New Guinea Dingo – Rare exotic species in German households

The New Guinea dingo is known by a variety of names: it is also known internationally as the New Guinea Singing Dog, Wait, or Hallstrom Dog. Canine experts disagree on the breed’s origins: some call them tamed wild dogs, others believe they were feral domestic dogs. Whichever way you look at it, the New Guinea dingo is undoubtedly an interesting mix of pet and wild animals.

External Characteristics of the New Guinea Dingo – Typical Pariah Dog

Pariah dogs like Australian dingoes, jonangis, and also the New Guinea dingo bear a resemblance to Japanese primeval dogs like the Shiba Inu. They have wolf-like faces with wedge-shaped heads, and often sport sesame-colored or fawn-colored fur. They can be quickly distinguished from Australian dingoes by their rather stocky build. Males reach a height at the withers of between 35 and 45 cm and weigh around 9 to 14.5 kg. Bitches measure 31.5 to 42 cm at the withers and weigh no more than 12.5 kg.

Unique selling points of the Singing Dog from head to tail

  • The skull tapers slightly towards the muzzle, which acts like a wedge-shaped extension of the head. It does not taper as much as in the Shiba Inu.
  • The broad, black nose is well embedded and forms an almost square edge between the muzzle and the bridge of the nose.
  • A special feature is the slanted almond eyes, which appear almost slit-like due to their black border. In the dark, the tapetum reflects light green, not red like other breeds.
  • Triangular erect ears stick out obliquely from the head. They are quite broad and are directed forward.
  • The smaller and stocky Highland type of breed is common among private owners. In their homeland, the singing highland dingoes have adapted to the lack of food in the jungle, while the lowland dogs are slightly larger and longer-legged in coastal regions.
  • The fore and hind legs are extremely flexible, as are the ankles. They are the only domestic dogs, along with the Norwegian Lundehund, that is agile enough to climb trees and cliffs.  They also do not develop dewclaws.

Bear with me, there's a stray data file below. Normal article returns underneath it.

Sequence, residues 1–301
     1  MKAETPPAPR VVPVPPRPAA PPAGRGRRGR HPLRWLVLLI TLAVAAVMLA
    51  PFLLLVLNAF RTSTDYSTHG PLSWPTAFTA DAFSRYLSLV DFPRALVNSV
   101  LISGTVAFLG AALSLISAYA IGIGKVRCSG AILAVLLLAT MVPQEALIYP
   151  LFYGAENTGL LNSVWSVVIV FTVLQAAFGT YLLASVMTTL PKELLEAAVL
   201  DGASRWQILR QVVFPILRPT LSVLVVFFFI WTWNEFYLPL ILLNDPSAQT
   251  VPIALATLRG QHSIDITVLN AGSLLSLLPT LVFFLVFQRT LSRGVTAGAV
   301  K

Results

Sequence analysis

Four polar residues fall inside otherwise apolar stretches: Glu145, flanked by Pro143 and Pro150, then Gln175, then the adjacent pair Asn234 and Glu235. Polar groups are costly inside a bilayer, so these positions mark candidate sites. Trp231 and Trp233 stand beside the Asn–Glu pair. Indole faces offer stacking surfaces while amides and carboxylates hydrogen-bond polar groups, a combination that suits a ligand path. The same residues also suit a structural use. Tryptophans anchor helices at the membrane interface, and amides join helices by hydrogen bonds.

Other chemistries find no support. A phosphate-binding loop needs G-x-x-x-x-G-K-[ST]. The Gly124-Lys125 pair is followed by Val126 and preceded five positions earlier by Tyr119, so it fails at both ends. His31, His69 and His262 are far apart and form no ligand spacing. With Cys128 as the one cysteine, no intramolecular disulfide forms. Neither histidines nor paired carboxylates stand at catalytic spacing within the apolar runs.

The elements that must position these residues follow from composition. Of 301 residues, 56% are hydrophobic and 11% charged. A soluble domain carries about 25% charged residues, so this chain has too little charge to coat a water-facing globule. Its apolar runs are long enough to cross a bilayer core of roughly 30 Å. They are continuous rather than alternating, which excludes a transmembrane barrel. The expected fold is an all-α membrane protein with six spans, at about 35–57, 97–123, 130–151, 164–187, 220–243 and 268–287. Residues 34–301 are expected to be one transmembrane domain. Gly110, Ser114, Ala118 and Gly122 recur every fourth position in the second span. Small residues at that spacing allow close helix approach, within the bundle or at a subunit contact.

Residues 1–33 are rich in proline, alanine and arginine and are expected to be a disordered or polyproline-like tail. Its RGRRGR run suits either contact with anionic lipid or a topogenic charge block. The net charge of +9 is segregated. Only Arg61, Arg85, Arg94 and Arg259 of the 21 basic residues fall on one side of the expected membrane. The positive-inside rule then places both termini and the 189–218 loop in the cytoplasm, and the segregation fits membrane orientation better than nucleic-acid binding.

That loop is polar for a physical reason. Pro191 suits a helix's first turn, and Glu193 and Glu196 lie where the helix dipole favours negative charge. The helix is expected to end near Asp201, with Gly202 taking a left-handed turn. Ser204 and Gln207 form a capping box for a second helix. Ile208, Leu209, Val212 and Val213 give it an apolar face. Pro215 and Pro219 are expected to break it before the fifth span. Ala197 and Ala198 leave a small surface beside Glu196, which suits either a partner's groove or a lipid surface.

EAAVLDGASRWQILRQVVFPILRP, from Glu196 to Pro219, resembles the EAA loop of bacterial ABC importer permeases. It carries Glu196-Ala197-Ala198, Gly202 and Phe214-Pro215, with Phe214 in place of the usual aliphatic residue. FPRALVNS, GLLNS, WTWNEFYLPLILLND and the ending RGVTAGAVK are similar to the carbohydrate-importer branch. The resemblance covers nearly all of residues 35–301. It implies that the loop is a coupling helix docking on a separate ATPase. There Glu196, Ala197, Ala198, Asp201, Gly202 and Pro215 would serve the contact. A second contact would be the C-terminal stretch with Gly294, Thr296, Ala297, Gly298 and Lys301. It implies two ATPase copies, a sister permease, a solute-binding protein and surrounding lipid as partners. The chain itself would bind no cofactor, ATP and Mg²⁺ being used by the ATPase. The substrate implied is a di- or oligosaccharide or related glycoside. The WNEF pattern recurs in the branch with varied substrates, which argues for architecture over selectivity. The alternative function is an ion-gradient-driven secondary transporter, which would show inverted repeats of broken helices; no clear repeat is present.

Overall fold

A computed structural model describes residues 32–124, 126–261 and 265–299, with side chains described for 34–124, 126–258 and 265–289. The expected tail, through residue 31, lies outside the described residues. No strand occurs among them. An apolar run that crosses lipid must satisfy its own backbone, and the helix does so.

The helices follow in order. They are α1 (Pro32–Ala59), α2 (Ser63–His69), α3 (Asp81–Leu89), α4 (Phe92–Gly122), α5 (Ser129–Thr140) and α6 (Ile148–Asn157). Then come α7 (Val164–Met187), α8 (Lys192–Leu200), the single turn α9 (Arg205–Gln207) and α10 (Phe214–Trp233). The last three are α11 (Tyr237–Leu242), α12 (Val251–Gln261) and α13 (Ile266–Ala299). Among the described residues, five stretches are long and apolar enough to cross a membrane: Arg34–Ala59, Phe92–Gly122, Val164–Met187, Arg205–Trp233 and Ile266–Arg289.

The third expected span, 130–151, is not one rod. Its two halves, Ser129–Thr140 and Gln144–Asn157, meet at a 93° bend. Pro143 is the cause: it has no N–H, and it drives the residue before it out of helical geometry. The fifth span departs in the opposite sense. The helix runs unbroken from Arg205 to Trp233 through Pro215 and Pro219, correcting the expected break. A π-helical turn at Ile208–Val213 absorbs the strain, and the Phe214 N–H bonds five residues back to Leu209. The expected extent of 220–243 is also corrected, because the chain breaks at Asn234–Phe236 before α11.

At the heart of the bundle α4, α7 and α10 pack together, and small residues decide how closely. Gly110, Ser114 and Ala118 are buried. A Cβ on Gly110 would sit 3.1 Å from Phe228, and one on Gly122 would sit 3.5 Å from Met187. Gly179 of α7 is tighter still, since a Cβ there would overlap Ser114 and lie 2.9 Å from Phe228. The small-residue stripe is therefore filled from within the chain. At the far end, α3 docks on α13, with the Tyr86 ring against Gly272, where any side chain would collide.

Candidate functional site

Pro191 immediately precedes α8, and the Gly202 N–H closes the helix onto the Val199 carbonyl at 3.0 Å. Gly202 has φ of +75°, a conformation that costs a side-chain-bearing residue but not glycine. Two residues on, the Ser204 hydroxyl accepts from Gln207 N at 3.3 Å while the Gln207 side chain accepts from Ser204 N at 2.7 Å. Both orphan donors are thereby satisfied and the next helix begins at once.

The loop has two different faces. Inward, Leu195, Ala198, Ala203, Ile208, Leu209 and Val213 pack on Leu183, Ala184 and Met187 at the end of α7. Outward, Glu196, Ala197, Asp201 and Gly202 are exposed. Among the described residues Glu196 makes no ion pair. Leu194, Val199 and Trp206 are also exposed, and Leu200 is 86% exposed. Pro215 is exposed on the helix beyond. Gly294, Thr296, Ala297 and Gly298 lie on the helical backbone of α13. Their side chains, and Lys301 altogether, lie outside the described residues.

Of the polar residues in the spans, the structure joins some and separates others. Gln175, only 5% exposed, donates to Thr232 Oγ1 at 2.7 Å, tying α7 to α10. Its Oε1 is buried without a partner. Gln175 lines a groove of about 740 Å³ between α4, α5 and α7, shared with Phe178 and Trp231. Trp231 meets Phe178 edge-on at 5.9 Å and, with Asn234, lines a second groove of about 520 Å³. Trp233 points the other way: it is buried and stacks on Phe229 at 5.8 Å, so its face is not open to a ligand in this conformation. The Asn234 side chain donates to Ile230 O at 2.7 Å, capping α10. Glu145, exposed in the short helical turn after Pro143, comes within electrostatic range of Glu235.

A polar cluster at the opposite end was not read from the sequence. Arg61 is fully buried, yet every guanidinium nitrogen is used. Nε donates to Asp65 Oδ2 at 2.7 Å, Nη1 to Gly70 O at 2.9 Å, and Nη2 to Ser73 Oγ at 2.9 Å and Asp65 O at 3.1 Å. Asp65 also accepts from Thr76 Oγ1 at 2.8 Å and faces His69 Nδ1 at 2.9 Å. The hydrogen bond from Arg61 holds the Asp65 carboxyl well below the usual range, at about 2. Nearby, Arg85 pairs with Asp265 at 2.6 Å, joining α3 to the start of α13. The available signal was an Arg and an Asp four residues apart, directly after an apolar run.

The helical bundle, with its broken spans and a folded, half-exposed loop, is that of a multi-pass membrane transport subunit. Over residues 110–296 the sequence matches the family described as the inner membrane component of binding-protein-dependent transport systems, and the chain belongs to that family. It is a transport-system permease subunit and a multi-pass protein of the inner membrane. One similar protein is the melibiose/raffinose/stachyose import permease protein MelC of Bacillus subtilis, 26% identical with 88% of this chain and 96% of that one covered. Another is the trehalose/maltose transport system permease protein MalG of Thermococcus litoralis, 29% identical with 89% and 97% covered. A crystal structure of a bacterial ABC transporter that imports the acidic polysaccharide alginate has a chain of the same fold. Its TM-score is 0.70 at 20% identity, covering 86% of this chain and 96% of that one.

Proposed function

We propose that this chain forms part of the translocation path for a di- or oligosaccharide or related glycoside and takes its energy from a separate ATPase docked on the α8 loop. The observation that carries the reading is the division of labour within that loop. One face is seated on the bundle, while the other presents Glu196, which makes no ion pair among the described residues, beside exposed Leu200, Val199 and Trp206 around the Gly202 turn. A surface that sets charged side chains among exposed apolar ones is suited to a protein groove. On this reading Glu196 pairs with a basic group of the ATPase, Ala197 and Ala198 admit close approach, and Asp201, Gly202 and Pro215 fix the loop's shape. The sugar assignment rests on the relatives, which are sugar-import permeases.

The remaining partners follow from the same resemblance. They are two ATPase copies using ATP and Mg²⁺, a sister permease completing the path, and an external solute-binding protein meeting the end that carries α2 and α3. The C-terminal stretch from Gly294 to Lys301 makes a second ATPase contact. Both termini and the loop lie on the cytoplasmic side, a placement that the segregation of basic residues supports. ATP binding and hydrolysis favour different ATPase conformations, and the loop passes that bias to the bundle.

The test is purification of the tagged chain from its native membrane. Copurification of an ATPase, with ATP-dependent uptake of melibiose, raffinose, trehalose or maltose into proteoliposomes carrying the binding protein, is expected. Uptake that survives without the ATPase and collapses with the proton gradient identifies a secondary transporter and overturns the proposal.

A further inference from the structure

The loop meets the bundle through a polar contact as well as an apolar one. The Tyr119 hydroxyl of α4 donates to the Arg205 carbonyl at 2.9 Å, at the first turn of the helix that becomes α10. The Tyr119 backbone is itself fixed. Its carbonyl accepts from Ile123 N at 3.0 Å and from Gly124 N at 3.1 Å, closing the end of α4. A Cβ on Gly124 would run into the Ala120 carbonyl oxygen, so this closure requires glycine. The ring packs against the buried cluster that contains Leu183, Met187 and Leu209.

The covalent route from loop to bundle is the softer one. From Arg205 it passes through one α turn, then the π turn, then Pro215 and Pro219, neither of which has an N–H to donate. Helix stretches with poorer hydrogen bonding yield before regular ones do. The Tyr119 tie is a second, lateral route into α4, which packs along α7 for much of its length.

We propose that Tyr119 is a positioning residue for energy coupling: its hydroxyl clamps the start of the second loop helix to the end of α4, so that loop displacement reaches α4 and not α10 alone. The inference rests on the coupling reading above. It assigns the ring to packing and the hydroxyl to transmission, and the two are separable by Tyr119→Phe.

• The tail is carried slightly curved. A brush of long hair forms on the underside.

Fur and colors in wild and domesticated dingoes

Puppies are dark brown at birth. The final coat color can be seen after about 4 months. Wild and domesticated Singing Dogs exhibit slightly different coloring:

Highland Wild Dog colors in the wild

  • Brown
  • Black with dark yellow
  • Solid black

Colors in farmed New Guinea dingoes

  • Brown (tan, reddish-brown, or reddish-yellow with light shading on the underside of the body and legs)
  • Dark (brown with black guard hairs on back, muzzle, and top of tail)
  • Both variants have white markings on the lower jaw, belly, neck, chest, and legs.

The Mysterious Origins of the Singing Dogs

Completely isolated from European breeds, these dogs lived in the wild in Papua New Guinea 5,500 years ago. Cynologists believe they share common ancestors with Australian dingoes and domestic Polynesian dogs from nearby islands who came from China. To date, an estimated 200 to 300 individuals live wild in the mountains of Papua New Guinea at altitudes from 2500 meters to 4700 meters.

Wild dog or feral domestic dog?

The question of whether these are real wild dogs or feral domestic dogs has not yet been sufficiently clarified. In addition, it is not yet clear whether the free-ranging Highland Wild Dogs (HWD) and their village-dwelling relatives, the New Guinea Singing Dogs (NGSD), should be considered distinct breeds. Research on these interesting dogs is ongoing.

Canis Hallstrom – unlike any other

New Guinea dingoes have many unique characteristics that scientists believe could only have originated in the wild. Genetically they are very different from common domestic dogs, so they are classified within the genus Canis Hallstrom. The indigenous people of Papua New Guinea report capturing and raising highland dingo pups as hunting companions for thousands of years, but do not breed them.

A diversely adapted population

  • Only a few wild animals have been sighted in the jungle areas of Papua New Guinea since the early 1970s.
  • A small population lives near villages, where they feed on waste. Even hunting dogs raised by humans become almost completely wild in adulthood and become shy.
  • All Singing Dogs in private care are descended from 8 individuals exported in the 1950s. These in turn are descended from village dogs.
  • About 300 specimens live in international zoos.
  • Depending on the region, the people of Papua used the village dogs as hunting helpers, vermin exterminators, or meat suppliers. Since they will sooner or later attack chickens and other small animals, many peoples have given up raising wild puppies in favor of keeping other livestock.

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